Like the steering group, the athlete advisory team will contribute to generating and disseminating the findings of Feminae to the athletic community. Specifically, this group will be actively involved in translating the findings from this project from paper to podium (ie, coauthors on relevant publications). They will also participate in disseminating the findings in academic (eg, conferences) and applied (eg, practitioner, entourage and athlete facing workshops and peer to peer social media) settings by providing an athletes voice/perspective to the dataset.
Feminae has seven research sites spread throughout the world. Each site has a principal investigator(s)
Professor Shawn Arent, PhD: University of South Carolina, USA.
Dr Eimear Dolan, PhD and Dr Bryan Saunders, PhD: University of Sao Paulo, Brazil.
Professor Kirsty Elliott-Sale, PhD: Manchester Metropolitan University, UK.
Dr Mette Hansen, PhD: Aarhus University, Denmark.
Dr Ritva Mikkonen, PhD and Dr Johanna Ihalainen, PhD: University of Jyvaskyla, Finland.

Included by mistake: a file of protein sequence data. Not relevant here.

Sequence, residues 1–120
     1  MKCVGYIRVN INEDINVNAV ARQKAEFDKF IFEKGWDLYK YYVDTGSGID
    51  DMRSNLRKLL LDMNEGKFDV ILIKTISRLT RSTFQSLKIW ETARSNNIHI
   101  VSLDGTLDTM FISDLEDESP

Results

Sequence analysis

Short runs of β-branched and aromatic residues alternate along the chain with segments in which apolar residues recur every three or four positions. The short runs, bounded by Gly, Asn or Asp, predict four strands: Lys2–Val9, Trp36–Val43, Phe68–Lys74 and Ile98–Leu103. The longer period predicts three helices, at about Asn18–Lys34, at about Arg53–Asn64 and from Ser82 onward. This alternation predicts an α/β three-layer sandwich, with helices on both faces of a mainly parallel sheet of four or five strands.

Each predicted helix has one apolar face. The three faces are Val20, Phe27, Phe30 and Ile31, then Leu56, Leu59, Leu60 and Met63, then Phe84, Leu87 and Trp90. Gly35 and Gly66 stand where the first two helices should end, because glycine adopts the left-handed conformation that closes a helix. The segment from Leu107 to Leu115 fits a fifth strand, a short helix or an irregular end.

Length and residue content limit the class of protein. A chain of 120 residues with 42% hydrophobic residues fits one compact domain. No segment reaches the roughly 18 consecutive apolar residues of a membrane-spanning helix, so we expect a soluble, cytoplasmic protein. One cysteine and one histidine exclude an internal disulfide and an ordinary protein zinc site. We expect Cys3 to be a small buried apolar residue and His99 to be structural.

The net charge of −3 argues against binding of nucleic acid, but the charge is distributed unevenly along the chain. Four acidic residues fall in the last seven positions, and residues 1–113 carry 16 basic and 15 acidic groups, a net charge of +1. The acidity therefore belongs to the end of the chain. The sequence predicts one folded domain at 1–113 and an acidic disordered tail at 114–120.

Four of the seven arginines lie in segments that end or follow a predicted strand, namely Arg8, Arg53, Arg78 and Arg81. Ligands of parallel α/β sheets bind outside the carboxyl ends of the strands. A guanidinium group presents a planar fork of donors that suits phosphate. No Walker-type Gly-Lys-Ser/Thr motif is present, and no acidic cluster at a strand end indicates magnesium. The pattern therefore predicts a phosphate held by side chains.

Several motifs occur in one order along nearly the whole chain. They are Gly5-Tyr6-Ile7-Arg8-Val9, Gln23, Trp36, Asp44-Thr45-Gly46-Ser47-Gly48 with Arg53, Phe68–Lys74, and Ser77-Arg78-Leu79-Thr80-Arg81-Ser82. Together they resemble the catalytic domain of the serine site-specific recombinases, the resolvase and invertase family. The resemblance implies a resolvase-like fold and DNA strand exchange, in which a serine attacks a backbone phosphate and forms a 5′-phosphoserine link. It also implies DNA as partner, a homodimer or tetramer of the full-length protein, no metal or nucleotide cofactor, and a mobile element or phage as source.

Associate Prof Clare Minahan, PhD: Griffith University, Australia.
Dr Jane Thornton, MD, PhD: Western University, Canada.
Data collection will be overseen by the site principal investigator(s) and supported by postdoctoral or postgraduate students.
The full Feminae research design and protocol will be published elsewhere (see the Dissemination plan section). In brief, Feminae has an innovative biopsychosocial research agenda. The following measures, reflecting physical, psychological and sociological elements, will be assessed: laboratory and field-based sports performance tests, biochemical markers, symptoms and side effects, lived experiences (eg, emotional well-being), and details on the athletic training environment (eg, menstrual cycle tracking practices). Ultimately, the project aims to raise standards (ie, high-quality datasets), increase participation (ie, women as participants in sport and exercise science-based studies), remove perceived and actual barriers to participation (ie, in research and practice), and develop processes, designs, systems and mindsets that account for female-specific issues. By restructuring our approach to female athlete research, through adopting a consortium model, we hope to revolutionise this research area and leave a novel high-quality blueprint for other researchers to use and learn from.